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Discussion Starter · #1 ·
We had big plans to go with Classical Education. I always said that I was not married to the idea and that if it didn't work out, we'd try something else. I just thought it would work out.

It hasn't been that bad. It's just that these things we are learning about that dd would normally be interested in are a chore for her when they are put into a "school" context. She's not interested.

She recently learned how to use the computer and wants to be online all day at these paper doll and fashion design websites. She says she wants to be a fashion designer when she grows up. It made me think about the fact that I might fight her to make her learn all these things that are uninteresting to her and that will end up being a waste of time. We'll spend our time fighting and learning useless things (to her, anyway) instead of enjoying our extra family time that homeschooling affords and learning things to prepare her for her future as an adult.

So we decided to ditch "the plan."

But I'm having a hard time letting go and trusting. She's basically unschooling at this point. She's continuing to do her computer activities and going to the beach a lot. She's learning things, but I'm afraid that...I don't even really get what I'm afraid of. I think that I am just really controlling, and I am having a really hard time giving up that control.

I am afraid of the standardized testing that we will have to do in about two years. I have told her that she will have to take tests and that she will have to learn the things they will test for. She has agreed to that.

Any words of wisdom, personal anecdotes, or whatever would be greatly appreciated.
 

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I'm in a similar boat. When my kids were younger, they really wanted me to have a plan. It was nice. I knew what they wanted from me and we had a lot of fun together. They are getting older (8 and 9) and more and more often they have their own agenda, which is great. I've always believed in non-coercive, child led education. But it was easier to feel comfortable with that when they wanted to curl up with me and see what sort of cool things I had planned for them!

This new phase is sort of freaking me out, and I don't think it should. After all, my views on education haven't changed a bit. My kids both read avidly, write when they feel like it (spelling is still creative), and understand enough math to be the banker in Monopoly.

I've also always known in the back on my mind that this time would come. Yet, when they sit around playing Zoo Tycoon II for hours, and then stop only because they want to go swimming, I panic.

One thing that worries me is discussing this with any family members. My sis also homeschools, but she is seriously doing school at home and my extended family already thought we were a bit lax.

I also really like having a routine. I do flylady, I make list, I check things off. Relaxed homeschooling fit my temperment very well. Truly child-directed learning, on the other hand, is messy and unpredictable, and you never really know when you are done or exactly what they've learned.
 

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Is this your 7 yr. old you're talking about? If so, she's really awfully young for this kind of concern. And this is the middle of summertime - if it's as hot where you are as it is in a lot of places I know of, it's no wonder she's restricting her activities. I wouldn't expect much of anything right now - and she's probably learning a lot from those sites. This kind of reminds me of when my son discovered cartoons - not the Saturday morning TV variety, but the old Looney-Tunes and such. He was fascinated. He sat and watched one right after another after another until he satisfied his curiosity. I saw that he wasn't zoning out - he wasn't watching passively, but actually studying them and running into the other room from time to time to tell me about things he'd been observing. He was going through a whole period of learning about humor and how it worked - watching old Get Smart shows, Mary Tyler Moore, etc. - the best of TV comedy. It wasn't about being entertained - it was about actively learning about humor and humor writing. Interestingly enough, he turned out, years later, to have an amazing natural talent for humor writing. I think - and I thought at the time - that this is going to serve him well in his adult life. He's majoring in journalism, by the way, in college now.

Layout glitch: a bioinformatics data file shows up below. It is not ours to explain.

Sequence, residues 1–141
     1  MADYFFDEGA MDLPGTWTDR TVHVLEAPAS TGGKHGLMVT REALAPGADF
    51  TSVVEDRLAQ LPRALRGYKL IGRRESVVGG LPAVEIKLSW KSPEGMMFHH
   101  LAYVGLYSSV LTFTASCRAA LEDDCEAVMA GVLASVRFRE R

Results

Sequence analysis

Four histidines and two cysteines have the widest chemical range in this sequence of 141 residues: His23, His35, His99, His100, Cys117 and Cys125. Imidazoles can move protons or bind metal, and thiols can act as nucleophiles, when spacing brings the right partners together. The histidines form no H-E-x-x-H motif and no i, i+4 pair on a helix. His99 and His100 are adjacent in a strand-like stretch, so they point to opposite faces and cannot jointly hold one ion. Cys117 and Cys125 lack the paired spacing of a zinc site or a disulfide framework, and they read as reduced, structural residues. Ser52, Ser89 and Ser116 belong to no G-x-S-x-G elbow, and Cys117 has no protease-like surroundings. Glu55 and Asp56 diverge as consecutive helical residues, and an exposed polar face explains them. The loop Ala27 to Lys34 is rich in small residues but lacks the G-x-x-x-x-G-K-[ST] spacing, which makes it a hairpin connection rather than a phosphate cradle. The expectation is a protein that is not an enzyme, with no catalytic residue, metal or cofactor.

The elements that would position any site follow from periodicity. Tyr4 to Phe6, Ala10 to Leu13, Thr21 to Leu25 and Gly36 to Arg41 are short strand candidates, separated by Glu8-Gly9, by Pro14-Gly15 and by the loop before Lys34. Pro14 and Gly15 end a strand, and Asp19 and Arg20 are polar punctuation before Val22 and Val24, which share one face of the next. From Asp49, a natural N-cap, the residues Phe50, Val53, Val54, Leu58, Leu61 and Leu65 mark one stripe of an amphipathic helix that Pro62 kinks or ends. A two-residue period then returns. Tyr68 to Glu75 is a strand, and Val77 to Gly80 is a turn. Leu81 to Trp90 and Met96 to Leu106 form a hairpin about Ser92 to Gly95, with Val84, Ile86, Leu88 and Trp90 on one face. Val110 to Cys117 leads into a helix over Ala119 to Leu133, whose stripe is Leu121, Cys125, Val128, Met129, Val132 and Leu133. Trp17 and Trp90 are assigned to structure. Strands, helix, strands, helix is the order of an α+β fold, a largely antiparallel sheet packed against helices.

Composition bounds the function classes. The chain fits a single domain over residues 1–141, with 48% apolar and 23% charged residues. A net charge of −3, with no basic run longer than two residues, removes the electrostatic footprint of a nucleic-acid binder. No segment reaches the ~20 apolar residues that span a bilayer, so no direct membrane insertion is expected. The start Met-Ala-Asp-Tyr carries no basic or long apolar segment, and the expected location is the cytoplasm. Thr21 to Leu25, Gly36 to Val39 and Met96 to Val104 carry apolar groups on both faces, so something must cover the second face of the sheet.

Keep things happenin' in your lives, keep up interesting conversations about lots of other things, keep bringing in interesting materials and films, keep getting out and about, try to initiate games of all kinds - just keep the pot stirred. And if she's prepared to jump through some hoops for the tests, she'll be exposing herself to all sorts of things along the way. I guess part of the problem might be that this is such a contrast with the classical ed you'd pictured.
:

If I had it to do over again, the main change I would make would be to worry less and trust more.
Lillian
 

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Quote:

Originally Posted by papayapetunia
She's learning things, but I'm afraid that...
This isn't a long term suggestion (you'd probably go nuts
: ) but this might get you over the hump (or heck, get you running screaming back to classical
)

Anyway, how about you just log what she's doing for awhile? You say she's learning things, how about you keep a little diary noting the things she's learning just to make you feel better? You can also make notes about how happy she is, how she's enjoying learning instead of however she was before, etc.